Berkshire’s third-quarter profit goes up 29 percent


Sun, Nov 03, 2013 - Page 13

Warren Buffett’s Berkshire Hathaway Inc posted a 29 percent jump in third-quarter profit as it recorded big gains on investments made during the financial crisis, but operating results missed forecasts amid weakness in insurance operations.

Quarterly results included US$1.4 billion of gains from investments that Buffett made in October 2008, including in General Electric Co and Goldman Sachs Group Inc warrants, and bonds related to candy maker Mars Inc’s purchase of rival Wrigley.

Such investments helped give Buffett a reputation as a lender of last resort.

However, investment and derivative gains do not factor into operating results, and while profit rose at Berkshire’s Burlington Northern Santa Fe railroad and MidAmerican energy and utility units, insurance underwriting results deteriorated.

Net income rose to US$5.05 billion, or US$3,074 per Class A share, from US$3.92 billion, or US$2,373 per share, a year earlier, Berkshire said on Friday.

Operating profit rose just 8 percent to US$3.66 billion, or US$2,228 per Class A share, from US$3.4 billion, or US$2,057 per share. Analysts on average expected US$2,402 per share, according to Thomson Reuters I/B/E/S.

Michael Yoshikami, president of Destination Wealth Management in Walnut Creek, California, which invests US$1.3 billion and owns Berkshire stock, said the company can boost investment results if bond yields rise once the US Federal Reserve pulls back on efforts to prop up the nation’s economy.

“The US economy is rather stumbling, and that is positive actually for their infrastructure investments such as railroads,” he said. “All things considered, we are fairly pleased with the results.”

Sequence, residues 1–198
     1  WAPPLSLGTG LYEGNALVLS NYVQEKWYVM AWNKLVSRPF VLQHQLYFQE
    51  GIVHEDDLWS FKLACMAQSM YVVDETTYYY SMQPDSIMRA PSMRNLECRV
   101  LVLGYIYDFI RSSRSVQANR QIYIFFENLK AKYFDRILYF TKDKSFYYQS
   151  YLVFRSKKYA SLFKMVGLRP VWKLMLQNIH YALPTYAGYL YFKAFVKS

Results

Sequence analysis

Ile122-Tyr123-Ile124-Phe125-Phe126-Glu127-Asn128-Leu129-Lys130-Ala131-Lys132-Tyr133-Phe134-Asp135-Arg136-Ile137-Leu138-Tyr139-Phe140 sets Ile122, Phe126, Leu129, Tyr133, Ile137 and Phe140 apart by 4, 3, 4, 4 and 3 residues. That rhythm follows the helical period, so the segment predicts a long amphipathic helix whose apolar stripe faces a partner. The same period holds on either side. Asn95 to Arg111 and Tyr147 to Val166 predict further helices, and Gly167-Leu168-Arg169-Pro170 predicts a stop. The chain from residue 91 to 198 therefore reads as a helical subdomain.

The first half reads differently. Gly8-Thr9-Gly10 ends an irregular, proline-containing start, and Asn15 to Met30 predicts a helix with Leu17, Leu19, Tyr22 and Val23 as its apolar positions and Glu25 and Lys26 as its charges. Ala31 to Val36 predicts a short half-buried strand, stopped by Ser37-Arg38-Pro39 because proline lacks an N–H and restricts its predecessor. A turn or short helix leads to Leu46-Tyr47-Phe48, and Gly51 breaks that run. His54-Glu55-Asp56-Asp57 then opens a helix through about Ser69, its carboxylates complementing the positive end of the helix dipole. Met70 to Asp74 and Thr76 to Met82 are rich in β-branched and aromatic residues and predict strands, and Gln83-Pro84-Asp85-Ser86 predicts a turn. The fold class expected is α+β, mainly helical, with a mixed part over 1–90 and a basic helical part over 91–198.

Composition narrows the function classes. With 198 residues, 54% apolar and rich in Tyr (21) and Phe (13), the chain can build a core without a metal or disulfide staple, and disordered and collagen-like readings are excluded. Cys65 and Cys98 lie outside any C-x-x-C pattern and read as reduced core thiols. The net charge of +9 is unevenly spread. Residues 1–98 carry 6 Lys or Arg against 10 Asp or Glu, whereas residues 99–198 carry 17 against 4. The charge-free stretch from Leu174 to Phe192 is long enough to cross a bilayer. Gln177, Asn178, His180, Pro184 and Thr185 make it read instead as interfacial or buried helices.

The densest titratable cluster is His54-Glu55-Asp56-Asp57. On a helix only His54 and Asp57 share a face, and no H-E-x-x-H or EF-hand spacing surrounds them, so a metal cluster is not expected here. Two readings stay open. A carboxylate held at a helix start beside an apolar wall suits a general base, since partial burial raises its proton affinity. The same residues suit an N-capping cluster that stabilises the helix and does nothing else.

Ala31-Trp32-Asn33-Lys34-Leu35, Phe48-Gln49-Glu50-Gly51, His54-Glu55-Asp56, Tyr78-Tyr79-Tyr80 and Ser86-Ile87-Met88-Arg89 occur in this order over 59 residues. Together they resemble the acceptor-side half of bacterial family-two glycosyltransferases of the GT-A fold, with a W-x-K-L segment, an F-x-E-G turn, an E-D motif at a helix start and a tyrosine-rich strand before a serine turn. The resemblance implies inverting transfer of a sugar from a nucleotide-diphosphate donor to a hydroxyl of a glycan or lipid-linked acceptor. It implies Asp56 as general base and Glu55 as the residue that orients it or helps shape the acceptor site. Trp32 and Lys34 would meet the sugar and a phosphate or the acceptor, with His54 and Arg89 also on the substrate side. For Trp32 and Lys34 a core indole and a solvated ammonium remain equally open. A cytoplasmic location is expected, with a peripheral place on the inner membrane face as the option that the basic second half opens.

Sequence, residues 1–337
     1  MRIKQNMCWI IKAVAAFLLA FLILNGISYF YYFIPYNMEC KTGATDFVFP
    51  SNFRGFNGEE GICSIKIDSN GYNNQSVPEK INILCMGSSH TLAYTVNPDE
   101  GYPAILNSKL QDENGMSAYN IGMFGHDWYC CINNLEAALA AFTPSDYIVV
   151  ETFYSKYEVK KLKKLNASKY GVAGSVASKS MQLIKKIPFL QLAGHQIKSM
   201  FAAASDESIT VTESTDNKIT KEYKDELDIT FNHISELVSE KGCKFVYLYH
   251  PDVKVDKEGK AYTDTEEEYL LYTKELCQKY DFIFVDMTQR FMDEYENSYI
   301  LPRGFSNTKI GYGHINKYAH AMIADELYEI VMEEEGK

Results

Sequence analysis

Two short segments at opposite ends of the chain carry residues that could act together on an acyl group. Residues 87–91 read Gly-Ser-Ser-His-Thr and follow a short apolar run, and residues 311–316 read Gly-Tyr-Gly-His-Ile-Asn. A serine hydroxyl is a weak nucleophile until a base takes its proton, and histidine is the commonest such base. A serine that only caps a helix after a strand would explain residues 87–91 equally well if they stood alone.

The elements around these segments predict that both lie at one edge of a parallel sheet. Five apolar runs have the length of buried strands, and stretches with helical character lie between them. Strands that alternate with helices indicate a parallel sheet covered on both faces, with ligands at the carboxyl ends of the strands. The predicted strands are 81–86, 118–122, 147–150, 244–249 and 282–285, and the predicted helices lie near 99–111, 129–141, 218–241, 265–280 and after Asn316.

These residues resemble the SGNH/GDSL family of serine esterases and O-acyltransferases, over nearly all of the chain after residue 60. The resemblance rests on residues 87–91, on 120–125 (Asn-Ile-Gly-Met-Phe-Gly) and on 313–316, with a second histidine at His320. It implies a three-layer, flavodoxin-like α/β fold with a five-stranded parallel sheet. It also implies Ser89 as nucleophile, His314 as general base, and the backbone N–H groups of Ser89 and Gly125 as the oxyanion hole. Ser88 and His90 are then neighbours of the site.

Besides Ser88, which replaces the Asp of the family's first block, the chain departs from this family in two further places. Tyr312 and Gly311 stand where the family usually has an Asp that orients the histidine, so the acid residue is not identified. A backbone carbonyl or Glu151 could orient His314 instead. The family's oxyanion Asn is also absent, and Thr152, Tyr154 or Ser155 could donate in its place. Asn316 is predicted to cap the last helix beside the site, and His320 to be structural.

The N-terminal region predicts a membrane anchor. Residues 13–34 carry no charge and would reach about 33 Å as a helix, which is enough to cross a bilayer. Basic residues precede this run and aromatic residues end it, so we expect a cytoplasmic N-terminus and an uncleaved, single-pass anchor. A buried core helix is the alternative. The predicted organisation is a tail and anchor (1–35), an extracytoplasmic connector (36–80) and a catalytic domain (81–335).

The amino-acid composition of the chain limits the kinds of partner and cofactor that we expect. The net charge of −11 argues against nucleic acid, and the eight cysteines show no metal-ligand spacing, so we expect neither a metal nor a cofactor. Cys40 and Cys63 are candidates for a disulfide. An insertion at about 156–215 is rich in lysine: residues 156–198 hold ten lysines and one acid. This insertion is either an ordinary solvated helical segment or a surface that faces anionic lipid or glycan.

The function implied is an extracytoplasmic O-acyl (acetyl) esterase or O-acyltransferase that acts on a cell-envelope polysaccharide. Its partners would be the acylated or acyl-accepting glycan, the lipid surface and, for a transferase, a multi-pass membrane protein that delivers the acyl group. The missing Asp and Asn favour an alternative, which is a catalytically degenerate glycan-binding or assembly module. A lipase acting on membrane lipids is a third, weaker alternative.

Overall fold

Net insurance underwriting premiums fell 57 percent to US$170 million. Results weakened at the Geico auto insurance unit, which paid out a higher percentage of premiums to cover claims than a year earlier, and the General Re reinsurance unit, which had a US$400 million underwriting loss from a European hailstorm.

In addition, Berkshire’s main reinsurance business sustained a US$206 million pre-tax underwriting loss hurt by lower premiums and currency fluctuations.

Profit rose about 6 percent at Burlington Northern to US$989 million as higher shipments of industrial products, consumer products and coal offset a drop for agricultural products amid lower grain exports and strong global competition.

Results also improved in businesses such as the Forest River recreational vehicle unit. Revenue from jewelry, home furnishings and other retail businesses rose 18 percent.

Bill Smead, chief executive of Smead Capital Management in Seattle, which invests 3 percent of its US$700 million of assets in Berkshire, said the 83-year-old Buffett is setting up the company to perform over the long haul.

“He’s making a big push into almost everything associated with the idea that we’ll build a lot more homes in the next 10 years,” Smead said.

Berkshire ended the quarter with US$42.08 billion of cash and equivalents, giving Buffett the firepower to make large acquisitions, which he calls “elephants.”